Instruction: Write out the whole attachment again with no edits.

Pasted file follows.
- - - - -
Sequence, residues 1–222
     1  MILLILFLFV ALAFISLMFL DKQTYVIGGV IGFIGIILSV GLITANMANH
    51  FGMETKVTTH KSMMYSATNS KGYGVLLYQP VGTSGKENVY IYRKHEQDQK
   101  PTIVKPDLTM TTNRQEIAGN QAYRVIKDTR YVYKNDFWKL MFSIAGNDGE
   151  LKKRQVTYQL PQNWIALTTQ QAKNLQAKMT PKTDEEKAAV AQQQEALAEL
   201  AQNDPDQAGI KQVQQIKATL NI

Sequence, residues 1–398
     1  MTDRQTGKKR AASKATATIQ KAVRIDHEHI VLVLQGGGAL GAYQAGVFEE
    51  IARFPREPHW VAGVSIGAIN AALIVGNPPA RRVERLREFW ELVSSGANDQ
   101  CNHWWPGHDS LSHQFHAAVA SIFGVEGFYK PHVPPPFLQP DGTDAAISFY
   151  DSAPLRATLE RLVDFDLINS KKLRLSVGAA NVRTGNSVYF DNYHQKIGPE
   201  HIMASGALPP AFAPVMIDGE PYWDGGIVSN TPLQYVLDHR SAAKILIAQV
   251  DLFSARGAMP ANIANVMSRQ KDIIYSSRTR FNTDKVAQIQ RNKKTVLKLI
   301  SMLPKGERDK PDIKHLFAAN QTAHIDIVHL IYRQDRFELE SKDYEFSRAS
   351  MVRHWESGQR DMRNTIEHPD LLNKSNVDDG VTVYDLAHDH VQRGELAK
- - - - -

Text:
Sequence, residues 1–222
     1  MILLILFLFV ALAFISLMFL DKQTYVIGGV IGFIGIILSV GLITANMANH
    51  FGMETKVTTH KSMMYSATNS KGYGVLLYQP VGTSGKENVY IYRKHEQDQK
   101  PTIVKPDLTM TTNRQEIAGN QAYRVIKDTR YVYKNDFWKL MFSIAGNDGE
   151  LKKRQVTYQL PQNWIALTTQ QAKNLQAKMT PKTDEEKAAV AQQQEALAEL
   201  AQNDPDQAGI KQVQQIKATL NI

Sequence, residues 1–398
     1  MTDRQTGKKR AASKATATIQ KAVRIDHEHI VLVLQGGGAL GAYQAGVFEE
    51  IARFPREPHW VAGVSIGAIN AALIVGNPPA RRVERLREFW ELVSSGANDQ
   101  CNHWWPGHDS LSHQFHAAVA SIFGVEGFYK PHVPPPFLQP DGTDAAISFY
   151  DSAPLRATLE RLVDFDLINS KKLRLSVGAA NVRTGNSVYF DNYHQKIGPE
   201  HIMASGALPP AFAPVMIDGE PYWDGGIVSN TPLQYVLDHR SAAKILIAQV
   251  DLFSARGAMP ANIANVMSRQ KDIIYSSRTR FNTDKVAQIQ RNKKTVLKLI
   301  SMLPKGERDK PDIKHLFAAN QTAHIDIVHL IYRQDRFELE SKDYEFSRAS
   351  MVRHWESGQR DMRNTIEHPD LLNKSNVDDG VTVYDLAHDH VQRGELAK